July 1952 Radio-Electronics
[Table of Contents]
Wax nostalgic about and learn from the history of early electronics.
See articles from Radio-Electronics,
published 1930-1988. All copyrights hereby acknowledged.
For many years, Radio-Electronics
magazine editor Hugo Gernsback and
inventor Dr. Lee de Forest had sort of a mutual admiration society thing
going on. that's understandable because they we both men of great accomplishment
and are deserving of everyone's admiration. In this 1952 issue, Dr. de Forest
was invited to procrastinate on future of the transistor - the semiconductor equivalent
of his amplifying vacuum tube. He humbly states, "If in the year 1912 some editor
had requested of me an article on the 'Future of the Electronic Tube,' I probably
would have felt quite as incompetent and short-sighted a prophet of the developments
of that [...], as I feel today as Mr. Gernsback requests from me an outlook over
the future of the transistor, [the] possible successor of the grid tube." Less than
four yeas had passed since the Bell Labs trio announced their transistor invention,
but the technology advanced quickly once made known. History shows Dr. de Forest
was correct in predicting the vacuum tube and transistor (in all their various forms)
would coexist for a long time. It was not until the 1980s that solid state devices
had replaced nearly all tubes (except the CRT display). Early semiconductors were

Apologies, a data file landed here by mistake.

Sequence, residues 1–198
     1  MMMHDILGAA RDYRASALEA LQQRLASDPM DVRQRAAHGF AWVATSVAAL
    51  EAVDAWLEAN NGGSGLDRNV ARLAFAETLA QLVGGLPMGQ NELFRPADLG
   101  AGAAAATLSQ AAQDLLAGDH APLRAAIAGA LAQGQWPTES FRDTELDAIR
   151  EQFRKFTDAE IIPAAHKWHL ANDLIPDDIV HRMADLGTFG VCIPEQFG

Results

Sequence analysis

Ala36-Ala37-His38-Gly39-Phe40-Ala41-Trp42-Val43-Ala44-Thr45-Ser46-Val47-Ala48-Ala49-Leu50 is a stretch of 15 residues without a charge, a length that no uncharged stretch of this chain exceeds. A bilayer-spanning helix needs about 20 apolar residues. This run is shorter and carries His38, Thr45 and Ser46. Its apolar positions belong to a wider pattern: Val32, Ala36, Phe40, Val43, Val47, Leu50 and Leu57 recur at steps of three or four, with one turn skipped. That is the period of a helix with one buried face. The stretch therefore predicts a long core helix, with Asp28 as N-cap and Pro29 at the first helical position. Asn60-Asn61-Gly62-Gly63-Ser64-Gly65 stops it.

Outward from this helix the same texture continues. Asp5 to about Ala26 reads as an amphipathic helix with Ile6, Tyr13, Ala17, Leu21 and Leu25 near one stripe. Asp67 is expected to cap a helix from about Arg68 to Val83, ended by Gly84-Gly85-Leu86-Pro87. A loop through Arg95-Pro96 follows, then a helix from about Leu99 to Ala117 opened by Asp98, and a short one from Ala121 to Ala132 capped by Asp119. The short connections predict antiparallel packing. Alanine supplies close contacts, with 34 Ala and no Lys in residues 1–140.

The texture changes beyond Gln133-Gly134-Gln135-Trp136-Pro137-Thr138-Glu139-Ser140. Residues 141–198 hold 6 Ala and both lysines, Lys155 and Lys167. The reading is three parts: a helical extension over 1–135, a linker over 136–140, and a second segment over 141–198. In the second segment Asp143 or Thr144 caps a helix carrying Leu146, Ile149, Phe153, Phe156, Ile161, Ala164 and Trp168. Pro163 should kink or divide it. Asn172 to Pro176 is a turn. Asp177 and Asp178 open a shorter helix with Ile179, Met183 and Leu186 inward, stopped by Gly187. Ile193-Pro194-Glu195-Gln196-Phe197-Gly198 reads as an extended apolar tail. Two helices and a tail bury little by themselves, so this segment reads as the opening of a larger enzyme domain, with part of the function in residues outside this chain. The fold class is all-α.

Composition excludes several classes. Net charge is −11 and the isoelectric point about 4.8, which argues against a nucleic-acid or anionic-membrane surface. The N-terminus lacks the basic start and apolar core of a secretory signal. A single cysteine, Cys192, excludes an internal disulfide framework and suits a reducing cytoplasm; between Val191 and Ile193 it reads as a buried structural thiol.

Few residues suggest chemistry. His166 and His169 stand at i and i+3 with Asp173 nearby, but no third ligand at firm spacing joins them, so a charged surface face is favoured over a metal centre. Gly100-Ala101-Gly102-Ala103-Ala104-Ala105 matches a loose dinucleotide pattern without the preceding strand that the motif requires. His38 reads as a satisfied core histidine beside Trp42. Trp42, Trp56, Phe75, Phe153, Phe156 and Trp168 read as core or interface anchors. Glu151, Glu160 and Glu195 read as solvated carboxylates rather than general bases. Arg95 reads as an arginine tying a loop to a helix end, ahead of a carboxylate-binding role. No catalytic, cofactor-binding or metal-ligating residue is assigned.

limited to low powers and low frequencies, thereby required the continued use of
vacuum tubes for traditional applications. Nowadays, though, semiconductors go far
beyond the capabilities of tubes in every realm.
The Future of the Transistor
The "Father of radio" sees transistors and tubes
inseparable active partners
By Lee de Forest
If in the year 1912 some editor had requested of me an article on the "Future
of the Electronic Tube," I probably would have felt quite as incompetent and short-sighted
a prophet of the developments of that, my most outstanding invention, the grid amplifier
and oscillator tube, as I feel today as Mr. Gernsback requests from me an outlook
over the future of the transistor, that possible successor of the grid tube.
Dr. de Forest's granddaughter, flanked by the inventor (right),
and Admiral Ellery W. Stone, unveils the bust presented to Yale University by The
de Forest Pioneers.
In 1912 I had already accrued the benefit of six years experimentation with the
electron tube, whereas today I have had little experience with these delightful
little transistor midgets recently handed to me, ready made, by the Bell Laboratories.
The transistor is as yet far too young a baby for even its most intimate engineering
parents, under the astute guidance of Dr. William Shockley, to predict with absolute
certainty its future possibilities, the degree or scope of its acceptance by the
engineering and manufacturing professions, its unquestionable advantages, and its
When Admiral Ellery Stone, president of the All America Cables and Radio Corporation,
recently informed me that his ever-progressive company was now estimating a proposed
trans-Atlantic coaxial relay cable, similar to that which the A. T. & T. Co.
recently laid between Key West and Havana, I remarked that of course his engineers
would use transistors in place of the 22-year-life triode tubes now in the Havana
cable for two important considerations: first, the great saving in electric current
which the 30 or 40 cable-enclosed amplifier groups would demand (transistors vs.
tubes); and second, that the life of the transistors would be eternal - the relays